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HIV/AIDS study and service, hosted by Maru-a-Pula School
HIV/AIDS is the defining crisis of modern Africa, stripping the continent of its prime work-age population. Botswana has the second highest rate of HIV/AIDS infection worldwide, and southern African countries round out the top ten. Thanks to a relatively modern infrastructure and functional democracy, the Botswana government and humanitarian organizations have responded effectively to the crisis through research, education, and treatment. AIDS is no longer necessarily a death sentence.
Students will study the response to the HIV/AIDS crisis in Botswana and provide direct service through established nonprofit organizations, such as orphanages. Students will determine the research questions and service goals in preparation for the trip. Maru-a-Pula School will be our main host and help us connect with appropriate organizations and service opportunities. The school is well connected with health organizations through alumni, parents, and friends of the school. We are likely to make contact with the Ministry of Health and nonprofit organizations doing education, treatment, and prevention work. Maru-a-Pula itself has a well-established orphan scholarship program, which will allow us to explore their vision and program and get to know scholarship students at Maru-a-Pula.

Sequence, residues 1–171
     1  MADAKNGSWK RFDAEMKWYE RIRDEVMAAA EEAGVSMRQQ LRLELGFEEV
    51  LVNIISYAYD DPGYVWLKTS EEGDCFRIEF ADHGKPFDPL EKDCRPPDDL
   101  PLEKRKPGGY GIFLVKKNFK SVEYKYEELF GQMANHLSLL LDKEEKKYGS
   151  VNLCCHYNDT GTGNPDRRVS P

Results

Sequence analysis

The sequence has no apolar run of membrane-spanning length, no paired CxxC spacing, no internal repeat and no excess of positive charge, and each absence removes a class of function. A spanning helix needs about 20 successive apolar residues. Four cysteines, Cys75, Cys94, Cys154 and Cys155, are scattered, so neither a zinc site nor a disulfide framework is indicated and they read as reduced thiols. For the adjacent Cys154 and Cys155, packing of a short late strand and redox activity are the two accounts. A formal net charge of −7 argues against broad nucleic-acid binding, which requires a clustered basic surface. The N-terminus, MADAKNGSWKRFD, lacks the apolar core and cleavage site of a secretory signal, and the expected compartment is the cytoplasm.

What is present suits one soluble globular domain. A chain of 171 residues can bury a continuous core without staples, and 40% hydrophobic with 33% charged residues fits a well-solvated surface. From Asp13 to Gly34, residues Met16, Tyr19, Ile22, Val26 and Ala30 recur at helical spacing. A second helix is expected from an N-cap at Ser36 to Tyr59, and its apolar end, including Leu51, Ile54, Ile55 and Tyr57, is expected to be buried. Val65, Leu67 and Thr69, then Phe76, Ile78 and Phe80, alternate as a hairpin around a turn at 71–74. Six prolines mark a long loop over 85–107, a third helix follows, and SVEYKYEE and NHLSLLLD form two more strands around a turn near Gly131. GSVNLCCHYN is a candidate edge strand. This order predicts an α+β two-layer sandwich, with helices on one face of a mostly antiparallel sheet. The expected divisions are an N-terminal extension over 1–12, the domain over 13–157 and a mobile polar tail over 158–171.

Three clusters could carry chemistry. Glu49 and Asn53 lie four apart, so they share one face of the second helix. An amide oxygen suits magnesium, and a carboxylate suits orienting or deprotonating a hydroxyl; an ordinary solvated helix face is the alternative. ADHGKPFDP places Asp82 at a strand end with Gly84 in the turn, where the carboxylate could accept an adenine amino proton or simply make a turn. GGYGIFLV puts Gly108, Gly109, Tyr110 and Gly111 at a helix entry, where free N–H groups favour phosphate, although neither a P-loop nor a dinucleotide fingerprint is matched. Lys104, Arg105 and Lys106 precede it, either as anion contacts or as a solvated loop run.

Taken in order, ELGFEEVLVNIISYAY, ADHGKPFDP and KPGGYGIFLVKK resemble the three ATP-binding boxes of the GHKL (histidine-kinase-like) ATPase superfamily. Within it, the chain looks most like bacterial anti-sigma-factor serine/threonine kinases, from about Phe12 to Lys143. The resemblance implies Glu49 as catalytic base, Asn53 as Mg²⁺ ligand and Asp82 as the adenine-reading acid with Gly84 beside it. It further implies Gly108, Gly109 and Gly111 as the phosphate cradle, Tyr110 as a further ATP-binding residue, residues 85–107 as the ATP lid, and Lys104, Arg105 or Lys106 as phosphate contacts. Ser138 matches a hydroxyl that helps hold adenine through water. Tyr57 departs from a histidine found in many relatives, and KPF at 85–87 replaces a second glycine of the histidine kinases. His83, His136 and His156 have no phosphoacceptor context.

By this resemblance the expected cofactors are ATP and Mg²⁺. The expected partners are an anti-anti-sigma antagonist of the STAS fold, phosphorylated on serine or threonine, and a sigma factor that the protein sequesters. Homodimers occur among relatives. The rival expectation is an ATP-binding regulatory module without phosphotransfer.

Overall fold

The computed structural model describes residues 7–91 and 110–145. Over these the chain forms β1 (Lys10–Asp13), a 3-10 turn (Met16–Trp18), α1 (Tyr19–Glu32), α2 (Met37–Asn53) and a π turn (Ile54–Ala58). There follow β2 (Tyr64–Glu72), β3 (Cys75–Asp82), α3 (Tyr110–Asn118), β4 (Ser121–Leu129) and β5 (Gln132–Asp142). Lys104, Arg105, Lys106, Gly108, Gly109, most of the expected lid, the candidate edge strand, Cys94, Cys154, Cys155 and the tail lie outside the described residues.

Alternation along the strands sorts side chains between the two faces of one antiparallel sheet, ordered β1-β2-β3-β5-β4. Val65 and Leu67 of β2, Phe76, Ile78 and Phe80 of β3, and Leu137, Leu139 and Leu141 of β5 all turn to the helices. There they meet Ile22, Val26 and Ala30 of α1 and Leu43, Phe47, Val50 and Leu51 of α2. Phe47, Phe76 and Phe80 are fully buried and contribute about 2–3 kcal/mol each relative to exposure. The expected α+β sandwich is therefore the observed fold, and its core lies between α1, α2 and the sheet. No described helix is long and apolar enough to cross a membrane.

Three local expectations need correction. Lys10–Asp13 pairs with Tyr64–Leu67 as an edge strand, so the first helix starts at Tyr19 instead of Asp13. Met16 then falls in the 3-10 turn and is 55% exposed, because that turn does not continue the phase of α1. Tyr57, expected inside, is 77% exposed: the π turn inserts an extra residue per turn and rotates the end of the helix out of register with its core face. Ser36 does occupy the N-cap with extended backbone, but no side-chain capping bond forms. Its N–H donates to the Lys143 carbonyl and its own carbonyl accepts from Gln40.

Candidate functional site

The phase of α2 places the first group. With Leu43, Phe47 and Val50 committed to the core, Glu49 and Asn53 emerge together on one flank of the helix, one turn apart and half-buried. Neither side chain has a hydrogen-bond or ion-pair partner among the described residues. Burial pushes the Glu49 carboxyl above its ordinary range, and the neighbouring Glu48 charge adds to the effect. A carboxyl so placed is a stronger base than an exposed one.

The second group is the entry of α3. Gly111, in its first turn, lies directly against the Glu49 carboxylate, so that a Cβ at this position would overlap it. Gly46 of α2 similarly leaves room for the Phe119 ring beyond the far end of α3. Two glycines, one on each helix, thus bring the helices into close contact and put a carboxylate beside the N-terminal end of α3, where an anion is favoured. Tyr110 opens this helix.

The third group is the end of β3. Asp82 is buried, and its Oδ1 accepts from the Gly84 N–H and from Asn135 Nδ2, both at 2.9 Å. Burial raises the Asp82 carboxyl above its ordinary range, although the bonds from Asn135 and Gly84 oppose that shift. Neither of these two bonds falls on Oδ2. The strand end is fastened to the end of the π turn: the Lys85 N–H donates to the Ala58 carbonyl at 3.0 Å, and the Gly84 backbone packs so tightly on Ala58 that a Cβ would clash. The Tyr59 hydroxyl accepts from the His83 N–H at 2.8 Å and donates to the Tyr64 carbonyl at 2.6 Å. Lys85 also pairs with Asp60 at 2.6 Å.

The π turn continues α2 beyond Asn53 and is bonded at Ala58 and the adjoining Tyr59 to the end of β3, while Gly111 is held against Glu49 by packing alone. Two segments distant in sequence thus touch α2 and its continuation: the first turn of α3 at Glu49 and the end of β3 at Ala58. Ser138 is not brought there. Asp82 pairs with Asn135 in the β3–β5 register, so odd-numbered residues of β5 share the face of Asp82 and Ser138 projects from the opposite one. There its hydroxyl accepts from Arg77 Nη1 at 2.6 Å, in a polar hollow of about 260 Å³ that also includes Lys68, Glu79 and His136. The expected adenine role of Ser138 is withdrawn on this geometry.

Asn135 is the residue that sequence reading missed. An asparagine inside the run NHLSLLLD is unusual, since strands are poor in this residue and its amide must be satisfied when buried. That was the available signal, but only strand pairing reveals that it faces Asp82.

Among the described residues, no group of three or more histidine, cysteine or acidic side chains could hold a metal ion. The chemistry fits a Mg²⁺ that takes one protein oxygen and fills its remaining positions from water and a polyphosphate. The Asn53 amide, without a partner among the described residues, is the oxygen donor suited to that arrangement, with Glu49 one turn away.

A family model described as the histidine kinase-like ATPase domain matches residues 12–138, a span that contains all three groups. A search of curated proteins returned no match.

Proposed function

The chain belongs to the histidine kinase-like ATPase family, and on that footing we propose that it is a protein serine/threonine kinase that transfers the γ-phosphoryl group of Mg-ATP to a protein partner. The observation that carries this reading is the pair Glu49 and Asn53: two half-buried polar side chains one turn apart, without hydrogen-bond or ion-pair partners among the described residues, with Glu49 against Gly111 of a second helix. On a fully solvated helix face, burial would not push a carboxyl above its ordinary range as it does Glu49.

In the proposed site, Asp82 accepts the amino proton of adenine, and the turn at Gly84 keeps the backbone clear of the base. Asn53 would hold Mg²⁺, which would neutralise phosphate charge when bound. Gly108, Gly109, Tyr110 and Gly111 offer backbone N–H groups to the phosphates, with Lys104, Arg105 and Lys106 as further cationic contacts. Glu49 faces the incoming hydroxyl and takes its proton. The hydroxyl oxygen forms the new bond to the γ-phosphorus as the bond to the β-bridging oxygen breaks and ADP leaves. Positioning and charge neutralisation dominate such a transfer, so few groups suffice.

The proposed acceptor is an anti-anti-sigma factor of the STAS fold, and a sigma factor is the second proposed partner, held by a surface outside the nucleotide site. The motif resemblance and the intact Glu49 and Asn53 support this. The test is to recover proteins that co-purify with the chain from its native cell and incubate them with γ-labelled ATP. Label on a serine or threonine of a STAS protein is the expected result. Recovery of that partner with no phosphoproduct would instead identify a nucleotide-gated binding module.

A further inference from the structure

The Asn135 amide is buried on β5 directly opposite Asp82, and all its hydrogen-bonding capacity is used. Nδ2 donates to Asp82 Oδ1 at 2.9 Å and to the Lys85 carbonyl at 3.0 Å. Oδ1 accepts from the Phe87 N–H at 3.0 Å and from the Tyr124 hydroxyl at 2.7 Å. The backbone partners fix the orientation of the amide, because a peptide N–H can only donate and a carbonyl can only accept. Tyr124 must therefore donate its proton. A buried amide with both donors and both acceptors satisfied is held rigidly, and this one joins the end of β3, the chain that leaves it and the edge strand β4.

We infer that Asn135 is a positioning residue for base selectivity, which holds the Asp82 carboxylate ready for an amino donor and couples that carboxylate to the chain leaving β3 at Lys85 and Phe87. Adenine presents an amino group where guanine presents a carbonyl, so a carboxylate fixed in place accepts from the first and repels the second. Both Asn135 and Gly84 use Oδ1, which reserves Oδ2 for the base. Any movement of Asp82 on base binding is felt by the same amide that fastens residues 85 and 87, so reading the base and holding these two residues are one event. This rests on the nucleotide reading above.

Study questions may include:
- What strategies do health officials and nonprofit organizations use to change people’s behaviors?
- How does a HIV/AIDS drug program in Botswana differ from that in the U.S.?
- What cultural norms hinder or help efforts to fight the spread of HIV and AIDS?
- What effects has variable mortality rates had on the country’s productivity and development?
- How does Botswana’s HIV/AIDS story differ from neighbors South Africa and Zimbabwe?
- How does HIV/AIDS affect an individual’s life path, whether they or a family member are infected?
The trip itinerary will include
- Time at Maru-a-Pula School in Gaborone, including visits with individuals, organizations, and service agencies in Gaborone
- Time in a rural village, to study the HIV/AIDS response there
- A safari trip to one of the national wildlife preserves
|June 17||Depart PDX|
|June 19||Arrive GBE|
|June 27-29||Work in villages|
|June 30 - July 4||Okavango Delta
(or other wildlife venue)
|July 7||Depart JNB|
Richard Kassissieh lived in Botswana and worked at Maru-a-Pula School from 1994 to 1996. He visited Botswana in 2000 and 2006.
Aline Garcia-Rubio has an M.D. and was a family physician before joining Catlin Gabel to teach biology.